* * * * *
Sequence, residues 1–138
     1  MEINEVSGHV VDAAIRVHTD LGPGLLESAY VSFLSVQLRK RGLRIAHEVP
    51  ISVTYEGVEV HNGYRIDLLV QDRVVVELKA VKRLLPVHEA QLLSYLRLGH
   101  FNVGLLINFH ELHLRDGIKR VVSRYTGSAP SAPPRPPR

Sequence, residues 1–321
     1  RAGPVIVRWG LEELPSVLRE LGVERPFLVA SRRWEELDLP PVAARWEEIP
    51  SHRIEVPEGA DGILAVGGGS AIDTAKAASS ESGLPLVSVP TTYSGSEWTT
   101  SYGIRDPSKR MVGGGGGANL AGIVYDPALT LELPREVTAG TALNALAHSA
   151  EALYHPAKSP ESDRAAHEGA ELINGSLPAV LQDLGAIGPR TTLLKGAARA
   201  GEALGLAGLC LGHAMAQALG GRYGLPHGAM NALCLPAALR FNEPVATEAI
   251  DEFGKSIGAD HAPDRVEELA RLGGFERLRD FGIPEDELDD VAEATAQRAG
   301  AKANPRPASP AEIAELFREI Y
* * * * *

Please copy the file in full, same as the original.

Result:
Sequence, residues 1–138
     1  MEINEVSGHV VDAAIRVHTD LGPGLLESAY VSFLSVQLRK RGLRIAHEVP
    51  ISVTYEGVEV HNGYRIDLLV QDRVVVELKA VKRLLPVHEA QLLSYLRLGH
   101  FNVGLLINFH ELHLRDGIKR VVSRYTGSAP SAPPRPPR

Sequence, residues 1–321
     1  RAGPVIVRWG LEELPSVLRE LGVERPFLVA SRRWEELDLP PVAARWEEIP
    51  SHRIEVPEGA DGILAVGGGS AIDTAKAASS ESGLPLVSVP TTYSGSEWTT
   101  SYGIRDPSKR MVGGGGGANL AGIVYDPALT LELPREVTAG TALNALAHSA
   151  EALYHPAKSP ESDRAAHEGA ELINGSLPAV LQDLGAIGPR TTLLKGAARA
   201  GEALGLAGLC LGHAMAQALG GRYGLPHGAM NALCLPAALR FNEPVATEAI
   251  DEFGKSIGAD HAPDRVEELA RLGGFERLRD FGIPEDELDD VAEATAQRAG
   301  AKANPRPASP AEIAELFREI Y